It has been a while since my last post, and mostly because the past few weeks has been extremely busy for all of us. I guess I have a lot of catching up to do! 

Unlike Canada, the school year in Japan ends in the middle of March and begins in mid-April. On February 28th, Theo's yochien held their end of year performance. Like last year (and every December as well), this included four mind numbing hours of plays, instrumental ensembles, and singing. This year, Theo played a mouse in one of the three plays. I vaguely caught the premise of the play which was as follows: A bear finds a door in the middle of the woods and passes through to the other side. The door transports him to a magical land of ice and snow where he finds ice fish swimming in a river. After gorging himself,  he becomes a magical ice statue, only able to move his eyes but unable to speak. All the other animals of the forest notice that he is missing, find the door, and travel through to the other side. When they find his frozen body they debate on the best way to free him from the spell. Music of course! Once the song has done its trick the bear and the animals head home. I am not sure if there was supposed to be a moral to this tale. Maybe don't eat other people's fish without asking?

Theo is the 7th child from the left. The one doing some kind of salute.
William and I were very lucky that Obaasan and Ojiisan decided to come and see Theo's performance. William spent most of the time being entertained, fed, and followed around by Obaasan which was really the only way he and I survived all four hours without any major meltdowns.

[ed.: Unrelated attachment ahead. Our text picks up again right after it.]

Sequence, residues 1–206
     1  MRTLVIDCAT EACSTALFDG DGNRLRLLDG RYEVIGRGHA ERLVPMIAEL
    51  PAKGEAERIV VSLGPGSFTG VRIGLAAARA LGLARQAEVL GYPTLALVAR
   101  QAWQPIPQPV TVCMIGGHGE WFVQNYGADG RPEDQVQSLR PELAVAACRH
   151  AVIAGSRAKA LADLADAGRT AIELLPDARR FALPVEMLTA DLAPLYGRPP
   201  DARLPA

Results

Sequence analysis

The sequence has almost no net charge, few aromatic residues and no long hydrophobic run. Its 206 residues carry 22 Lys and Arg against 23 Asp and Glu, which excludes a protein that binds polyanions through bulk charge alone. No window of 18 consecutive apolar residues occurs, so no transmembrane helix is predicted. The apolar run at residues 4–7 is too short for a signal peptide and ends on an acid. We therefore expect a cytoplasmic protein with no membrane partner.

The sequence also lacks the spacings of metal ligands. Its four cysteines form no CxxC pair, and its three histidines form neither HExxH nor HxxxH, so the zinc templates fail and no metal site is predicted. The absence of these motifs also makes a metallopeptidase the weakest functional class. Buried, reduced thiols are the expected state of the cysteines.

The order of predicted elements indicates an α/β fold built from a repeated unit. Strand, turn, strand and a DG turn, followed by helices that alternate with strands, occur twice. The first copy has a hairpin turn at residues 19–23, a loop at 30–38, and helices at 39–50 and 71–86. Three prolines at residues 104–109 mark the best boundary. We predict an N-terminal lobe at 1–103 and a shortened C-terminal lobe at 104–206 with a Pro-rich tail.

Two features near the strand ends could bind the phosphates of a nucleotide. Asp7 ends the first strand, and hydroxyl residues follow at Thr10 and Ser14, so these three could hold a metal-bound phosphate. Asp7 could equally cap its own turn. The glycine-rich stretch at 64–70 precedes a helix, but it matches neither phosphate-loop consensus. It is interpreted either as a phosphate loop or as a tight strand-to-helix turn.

On March 3rd we once again failed to celebrate Hinamatsuri, or Girl's Day. Theo did make a little paper craft at school and we snapped this shot of him posing as the Emperor without an Empress, which I think was a tiny bit more effort than last year. 

And finally, the much anticipated (by Theo and not so much by me) day arrived: the last day of school before spring vacation. Here is Theo posing in what he calls his "fancy pants" for the last day of class. 

Actually, Theo has spent the past week in a state of heightening excitement due a number of things on our horizon: first was the beginning of spring break on March 15th, William's second birthday on March 19th, the arrival of Dustin's parents for a month long visit also on March 19th, a trip that we will be making to Kyushu in the last week of March, and Easter with all the egg dyeing and goodies it entails. Every morning, he runs through this list of future events asking me if any of these days have arrived yet. How frustrating it would be to have very little concept of the passing of time! 


audible said...

A trip to Kyushu? Do let me know if you'll be in my neck of the woods. I hope March lives up to Theo's expectations.

Laura said...

Where in Kyushu are you? We are traveling to Oita. Unfortunately, Dustin used up nearly all of his nenkyu on our trip to Canada this past August so we are really limited in how much time we, or at least he, can be away.

I was happy to read that you got your hands on some gardening space! I have had a lot of fun growing veggies here, mostly because the thrill of the ground not being frozen solid for 6 months of the year hasn't worn off yet. I just harvested a freakish amount of broccoli from 3 plants that I have neglected for the past few months. I am sure your garden will do great!

audible said...

We're in Nagasaki prefecture, the appendix of Kyushu. Probably not convenient to your travels. Shame, too. We have both a giant Dutch theme park and a zoo where they let you feed and pet kangaroos and other animals. Another time.